Associates: next time you complain about greedy partners slashing your pay, consider the possibility that they’re suffering too in this economy. They’re trying to safely navigate the recessionary shoals, just like the rest of us. Some of the measures they’ve been taking, like pay freezes and reduced bonuses, may just be prudent planning. Better to have a smaller paycheck than no paycheck at all.
Good luck to our U.K. friends suddenly receiving no paycheck at all.
The holidays are over. Now it’s time to get back to business, and in Biglaw these days that means getting back laying people off.
Multiple tipsters report that there were layoffs at Baker & McKenzie this morning. The firm just confirmed the news:
Therefore, consistent with our strategy and discipline, and in response to the economic conditions we are currently witnessing, we are taking proactive steps to ensure that we remain financially strong. In particular, we are proactively focusing on helping our clients manage through these turbulent times, and we are acting to reduce our own operating costs. These actions include, but are not limited to, slowing or deferring some long-term projects, travel and hiring restrictions, and some limited workforce reductions, including six associates in our New York office this week.
The laid off associates were given a 3 month severance package.
One tipster reports:
No one was safe from first years to senior associates to support staff which were terminated. … Those who are left are worried about more cuts.
Another tipster, who also claims that some first years were let go, adds this:
The reasons given were that not enough work was available.
Read Baker & McKenzie’s full statement after the jump.
Things just seem to be getting more and more draconian over that the University of Chicago Law School. Yesterday we reminded you of the school’s attempts to shut down internet access in class. The day before that we mentioned that some student was calling for an end to video games on personal laptops during lectures.
Today, the UofC Dean of Students has piped up with thoughts about the appropriate use for a law school listserv:
It has come to my attention that there may be some confusion among our student body about the proper use of our student listservs, and now is an ideal time to clarify this information. For your review, I have attached the guidelines for the use of the LawAnnounce listserv. You will notice that the LawAnnounce listserv is meant for informal announcements that may be of general interest to the law school community, and serves as an electronic bulletin board of sorts. While the list is monitored by our administrative staff, the Law School generally does not restrict content on this site with few exceptions. For example, while students are not permitted to use the listserv for “political commentary,” students may be permitted to invite others to a political rally. (*See restrictions below.) The listserv is not meant to be a discussion board, however, on any political issue. Therefore, rebuttals or commentary about a posting should be directed to the poster and/or to the administration, but not to the listserv. This kind of back and forth discussion is more appropriate for a blog and not for this forum. Similarly, any offensive language, including the use of racial slurs, is strictly prohibited on LawAnnounce.
ATL would love to take credit for the “ideal” timing of this letter. But sadly, it appears that politics made this message necessary.
After the jump, more stern warnings from the Dean of Students that are promptly disregarded.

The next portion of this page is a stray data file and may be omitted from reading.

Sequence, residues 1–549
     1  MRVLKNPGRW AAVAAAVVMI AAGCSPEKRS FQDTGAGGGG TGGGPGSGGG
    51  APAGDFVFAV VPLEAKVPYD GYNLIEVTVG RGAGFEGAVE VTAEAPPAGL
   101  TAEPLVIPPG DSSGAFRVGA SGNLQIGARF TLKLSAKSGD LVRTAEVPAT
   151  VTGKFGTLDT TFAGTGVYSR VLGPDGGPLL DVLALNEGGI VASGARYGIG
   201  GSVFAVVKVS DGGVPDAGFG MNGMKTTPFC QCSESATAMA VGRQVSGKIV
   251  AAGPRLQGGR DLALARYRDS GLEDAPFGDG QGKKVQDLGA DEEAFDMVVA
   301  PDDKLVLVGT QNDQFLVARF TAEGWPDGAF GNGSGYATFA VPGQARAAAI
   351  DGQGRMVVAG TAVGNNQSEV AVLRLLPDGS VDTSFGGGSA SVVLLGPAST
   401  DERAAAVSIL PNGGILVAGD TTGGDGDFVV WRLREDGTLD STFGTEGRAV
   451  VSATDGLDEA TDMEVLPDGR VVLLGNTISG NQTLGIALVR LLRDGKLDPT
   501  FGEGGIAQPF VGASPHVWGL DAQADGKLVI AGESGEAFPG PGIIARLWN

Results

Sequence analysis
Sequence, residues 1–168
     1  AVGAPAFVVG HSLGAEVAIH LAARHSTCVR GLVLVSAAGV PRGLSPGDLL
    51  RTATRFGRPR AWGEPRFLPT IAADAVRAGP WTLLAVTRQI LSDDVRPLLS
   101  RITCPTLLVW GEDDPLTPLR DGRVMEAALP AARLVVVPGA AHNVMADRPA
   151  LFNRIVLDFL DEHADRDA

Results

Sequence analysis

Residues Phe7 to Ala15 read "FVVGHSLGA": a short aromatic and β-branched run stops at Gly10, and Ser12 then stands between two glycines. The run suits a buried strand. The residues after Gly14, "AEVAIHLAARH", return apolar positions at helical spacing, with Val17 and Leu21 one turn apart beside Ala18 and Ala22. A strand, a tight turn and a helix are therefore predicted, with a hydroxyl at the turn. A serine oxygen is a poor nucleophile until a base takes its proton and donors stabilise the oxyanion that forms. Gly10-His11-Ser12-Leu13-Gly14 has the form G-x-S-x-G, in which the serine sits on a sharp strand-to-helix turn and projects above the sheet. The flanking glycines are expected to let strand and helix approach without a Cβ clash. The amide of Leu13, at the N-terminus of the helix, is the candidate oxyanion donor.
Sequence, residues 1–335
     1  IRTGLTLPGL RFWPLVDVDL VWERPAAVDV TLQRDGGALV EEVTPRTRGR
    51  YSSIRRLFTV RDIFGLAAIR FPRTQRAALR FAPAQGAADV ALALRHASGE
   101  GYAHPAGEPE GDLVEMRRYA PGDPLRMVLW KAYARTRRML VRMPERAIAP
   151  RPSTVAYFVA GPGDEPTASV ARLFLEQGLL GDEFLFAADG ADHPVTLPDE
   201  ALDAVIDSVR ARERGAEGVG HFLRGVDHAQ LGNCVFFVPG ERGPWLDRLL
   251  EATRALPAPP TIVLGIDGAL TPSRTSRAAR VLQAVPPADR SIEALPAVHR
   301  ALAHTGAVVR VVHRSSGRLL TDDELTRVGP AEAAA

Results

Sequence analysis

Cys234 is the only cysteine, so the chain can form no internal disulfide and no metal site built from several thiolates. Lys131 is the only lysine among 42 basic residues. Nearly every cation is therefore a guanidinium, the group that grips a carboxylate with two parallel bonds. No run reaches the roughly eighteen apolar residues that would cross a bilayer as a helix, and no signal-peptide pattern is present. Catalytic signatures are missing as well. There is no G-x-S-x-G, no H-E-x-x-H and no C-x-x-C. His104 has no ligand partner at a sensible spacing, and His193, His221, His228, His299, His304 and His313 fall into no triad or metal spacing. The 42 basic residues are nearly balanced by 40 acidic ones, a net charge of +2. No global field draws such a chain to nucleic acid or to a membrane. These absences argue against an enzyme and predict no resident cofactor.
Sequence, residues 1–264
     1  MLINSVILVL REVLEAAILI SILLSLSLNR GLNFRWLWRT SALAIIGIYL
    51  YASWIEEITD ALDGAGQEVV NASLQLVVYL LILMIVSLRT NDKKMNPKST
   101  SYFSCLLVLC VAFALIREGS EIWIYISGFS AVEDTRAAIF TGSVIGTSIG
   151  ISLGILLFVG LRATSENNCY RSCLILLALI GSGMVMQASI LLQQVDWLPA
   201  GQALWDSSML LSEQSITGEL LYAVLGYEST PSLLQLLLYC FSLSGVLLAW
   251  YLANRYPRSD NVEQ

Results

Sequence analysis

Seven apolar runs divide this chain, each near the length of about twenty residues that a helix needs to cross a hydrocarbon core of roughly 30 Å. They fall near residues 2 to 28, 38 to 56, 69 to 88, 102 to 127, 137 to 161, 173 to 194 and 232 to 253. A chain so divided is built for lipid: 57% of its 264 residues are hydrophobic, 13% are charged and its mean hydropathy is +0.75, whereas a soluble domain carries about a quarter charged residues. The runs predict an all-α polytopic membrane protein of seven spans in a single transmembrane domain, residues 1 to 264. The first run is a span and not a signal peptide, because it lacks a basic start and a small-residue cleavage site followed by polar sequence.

Getting a divorce is never a quick fix, even for a surgeon. You have to divide up the money, the property, the kids, the kidneys.
A Long Island surgeon embroiled in a nearly four-year divorce proceeding wants his estranged wife to return the kidney he donated to her, although he says he’ll settle for $1.5 million in compensation.
If you grew up on Long Island, home of Lorena Bobbit, this story makes perfect sense.
If you grew up on Earth, it gets a little weird:
He said he gave his kidney to Dawnell Batista, now 44, in June 2001. She filed for divorce in July 2005, although he claims she began having an extramarital affair 18 months to two years after receiving the kidney transplant, his attorney, Dominick Barbara, said.
I’m not sure I agree with the good doctor’s tactic. See, if my wife had an affair, I’d want the other guy’s kidney … or liver. Or severed head on a pike that I’d display on my balcony.
But I guess I can understand the desire to send a (former) loved one into toxic shock and/or have $1.5 million.
Sadly, basic human decency the law is not on his side:
Manhattan attorney Susan Moss said, “The good doctor is out of luck and out a kidney. This is similar to cases where a husband wants to be repaid for the cost of breast implants and the such. Our judges are not willing to value such assets, so to speak.”
Good thing that kidneys are internal organs, because you know how they roll on “Strong Island.”
Dickstein Shapiro sent a memo around the firm yesterday that was the bearer of much bad news. Not only did it announce a salary freeze for 2009, it officially announced layoffs that were conducted on Tuesday. Full e-mail after the jump, but here’s an excerpt:
First, we have made a limited number of reductions in our associate/counsel ranks. Those affected by this decision were informed yesterday afternoon. These are purely economic decisions — this is a group of talented attorneys who have made valued contributions to our Firm.
Spokespeople at Dickstein have not yet confirmed the number laid off, but sources say it was 10 associates and counsel, all in the D.C. office. [Update:The firm now tells us the ten came from both the D.C. and New York offices.] One source says those laid off were told it was “economic-based” — as opposed to layoffs in 2008 that were ostensibly performance-based — but that the firm did take a look at their hours. The corporate group was hardest hit.